Research Paper Volume 12, Issue 8 pp 6928—6946

AKT3 deficiency in M2 macrophages impairs cutaneous wound healing by disrupting tissue remodeling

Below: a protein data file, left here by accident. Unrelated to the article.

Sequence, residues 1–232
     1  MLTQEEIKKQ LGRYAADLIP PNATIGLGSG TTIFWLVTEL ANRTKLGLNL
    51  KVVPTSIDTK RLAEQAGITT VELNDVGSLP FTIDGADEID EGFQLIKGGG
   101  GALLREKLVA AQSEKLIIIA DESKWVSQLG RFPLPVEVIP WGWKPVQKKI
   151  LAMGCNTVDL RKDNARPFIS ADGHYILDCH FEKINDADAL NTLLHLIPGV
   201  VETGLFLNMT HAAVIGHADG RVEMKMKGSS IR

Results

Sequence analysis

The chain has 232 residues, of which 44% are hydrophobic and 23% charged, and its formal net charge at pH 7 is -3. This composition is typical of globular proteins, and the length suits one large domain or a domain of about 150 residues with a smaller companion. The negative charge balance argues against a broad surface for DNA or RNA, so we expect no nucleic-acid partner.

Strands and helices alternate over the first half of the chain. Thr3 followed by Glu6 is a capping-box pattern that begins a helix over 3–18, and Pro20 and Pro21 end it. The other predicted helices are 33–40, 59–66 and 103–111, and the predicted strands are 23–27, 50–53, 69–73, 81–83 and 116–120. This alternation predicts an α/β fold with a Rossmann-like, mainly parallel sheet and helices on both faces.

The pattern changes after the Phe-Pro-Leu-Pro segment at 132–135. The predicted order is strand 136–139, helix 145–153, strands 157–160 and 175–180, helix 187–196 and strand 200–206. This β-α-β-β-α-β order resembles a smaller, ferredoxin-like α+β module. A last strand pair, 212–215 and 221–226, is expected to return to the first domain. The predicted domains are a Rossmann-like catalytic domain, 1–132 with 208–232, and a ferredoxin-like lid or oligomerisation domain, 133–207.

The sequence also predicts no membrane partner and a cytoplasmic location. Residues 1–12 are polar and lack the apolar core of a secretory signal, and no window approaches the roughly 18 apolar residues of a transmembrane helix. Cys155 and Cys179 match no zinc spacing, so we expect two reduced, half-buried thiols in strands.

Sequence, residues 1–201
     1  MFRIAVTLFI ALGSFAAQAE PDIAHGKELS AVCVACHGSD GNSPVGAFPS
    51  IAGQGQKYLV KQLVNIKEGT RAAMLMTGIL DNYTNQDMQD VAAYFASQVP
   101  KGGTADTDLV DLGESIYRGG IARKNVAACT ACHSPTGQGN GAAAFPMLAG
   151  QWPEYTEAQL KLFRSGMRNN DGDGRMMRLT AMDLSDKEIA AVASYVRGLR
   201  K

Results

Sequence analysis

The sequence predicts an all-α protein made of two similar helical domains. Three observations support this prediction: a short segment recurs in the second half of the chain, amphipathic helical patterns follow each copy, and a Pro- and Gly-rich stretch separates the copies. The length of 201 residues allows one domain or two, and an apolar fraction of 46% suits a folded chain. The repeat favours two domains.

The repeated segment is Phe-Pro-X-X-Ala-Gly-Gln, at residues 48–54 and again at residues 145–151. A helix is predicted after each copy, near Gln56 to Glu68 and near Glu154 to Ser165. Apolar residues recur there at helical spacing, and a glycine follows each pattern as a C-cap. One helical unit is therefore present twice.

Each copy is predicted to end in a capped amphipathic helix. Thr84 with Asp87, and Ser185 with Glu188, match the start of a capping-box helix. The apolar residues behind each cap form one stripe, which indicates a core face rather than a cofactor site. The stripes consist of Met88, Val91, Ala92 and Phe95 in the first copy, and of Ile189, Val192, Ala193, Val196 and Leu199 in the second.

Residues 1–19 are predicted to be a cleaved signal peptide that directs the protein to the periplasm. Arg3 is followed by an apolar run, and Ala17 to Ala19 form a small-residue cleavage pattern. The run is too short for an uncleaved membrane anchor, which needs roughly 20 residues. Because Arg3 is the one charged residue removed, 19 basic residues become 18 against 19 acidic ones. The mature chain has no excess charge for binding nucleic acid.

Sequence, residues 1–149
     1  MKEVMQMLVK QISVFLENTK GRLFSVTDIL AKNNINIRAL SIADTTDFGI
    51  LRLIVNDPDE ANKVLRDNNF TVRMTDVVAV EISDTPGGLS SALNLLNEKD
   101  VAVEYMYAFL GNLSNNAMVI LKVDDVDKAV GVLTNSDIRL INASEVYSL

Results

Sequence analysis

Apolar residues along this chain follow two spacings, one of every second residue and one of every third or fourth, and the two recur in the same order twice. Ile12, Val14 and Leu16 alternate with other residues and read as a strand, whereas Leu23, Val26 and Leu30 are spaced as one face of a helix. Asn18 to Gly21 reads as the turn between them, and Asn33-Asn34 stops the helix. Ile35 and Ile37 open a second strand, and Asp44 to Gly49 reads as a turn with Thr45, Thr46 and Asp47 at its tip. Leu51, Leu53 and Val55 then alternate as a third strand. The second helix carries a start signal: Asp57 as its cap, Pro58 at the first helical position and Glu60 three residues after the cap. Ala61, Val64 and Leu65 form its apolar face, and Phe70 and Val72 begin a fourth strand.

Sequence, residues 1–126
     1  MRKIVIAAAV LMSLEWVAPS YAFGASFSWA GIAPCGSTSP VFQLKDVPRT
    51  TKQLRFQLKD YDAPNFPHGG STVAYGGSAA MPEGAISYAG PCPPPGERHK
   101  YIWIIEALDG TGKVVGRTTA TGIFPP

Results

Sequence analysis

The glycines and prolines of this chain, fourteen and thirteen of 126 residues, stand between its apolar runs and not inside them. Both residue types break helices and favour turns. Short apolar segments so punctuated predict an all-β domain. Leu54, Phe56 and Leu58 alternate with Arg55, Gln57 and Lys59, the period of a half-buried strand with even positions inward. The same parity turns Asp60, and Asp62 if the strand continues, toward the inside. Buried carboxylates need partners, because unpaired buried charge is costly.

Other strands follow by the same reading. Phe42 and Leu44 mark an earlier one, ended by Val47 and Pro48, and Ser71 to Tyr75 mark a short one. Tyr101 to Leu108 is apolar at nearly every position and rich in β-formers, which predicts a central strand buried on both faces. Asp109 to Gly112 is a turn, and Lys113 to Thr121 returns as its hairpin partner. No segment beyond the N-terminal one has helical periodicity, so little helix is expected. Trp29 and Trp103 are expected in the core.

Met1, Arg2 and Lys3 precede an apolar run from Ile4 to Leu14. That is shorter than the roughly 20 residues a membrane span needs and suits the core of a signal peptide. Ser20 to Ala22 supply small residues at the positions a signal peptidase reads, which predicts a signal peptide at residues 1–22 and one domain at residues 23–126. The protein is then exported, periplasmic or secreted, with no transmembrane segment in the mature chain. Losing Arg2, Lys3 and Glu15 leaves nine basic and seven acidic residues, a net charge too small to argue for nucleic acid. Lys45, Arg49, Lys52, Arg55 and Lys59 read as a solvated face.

Figure 5. AKT3 knockdown in M2 macrophages suppressed proliferation and migration as well as COL1A1 and COL11A1 expression ex vivo. (A) Schematic of the M2 macrophage-HSF co-culture model. (B) Total AKT3 and associated phosphorylated AKT3Ser472 levels in THP-1-derived M2 macrophages following AKT3 knockdown. (CD) CCK-8 assay of the co-culture model. (C) Proliferation of co-cultured HSFs was impaired following AKT3 knockdown in THP-1-derived M2 macrophages. (D) M2 macrophages isolated from delayed cutaneous wound tissue also lost their ability to facilitate HSF proliferation compared to M2 macrophages derived from normal wound tissue. (E, F) EdU assay of the co-culture model. (E) DNA replication induced by M2 macrophages in HSFs was abrogated by AKT3 knockdown in these macrophages. (F) M2 macrophages from delayed cutaneous wound tissue were incapable of promoting HSF DNA replication. (G, H) Transwell migration assay of the co-culture model. (G) HSF migration was impaired after co-culture with AKT3 knockdown in THP-1-derived M2 macrophages. (H) M2 macrophages isolated from delayed cutaneous wound tissue could not promote HSF migration. (I) COL1A1 and COL11A1 protein levels were increased in HSFs co-cultured with THP-1-derived M2 macrophages. AKT3 knockdown in the M2 macrophages decreased COL1A1 and COL11A1 expression in the co-cultured HSFs. (J) M2 macrophages from delayed cutaneous wound tissue were incapable of inducing COL1A1 and COL11A1 expression in co-cultured HSFs compared to normal wound tissue-derived M2 macrophages. All the experiments were repeated at least three times.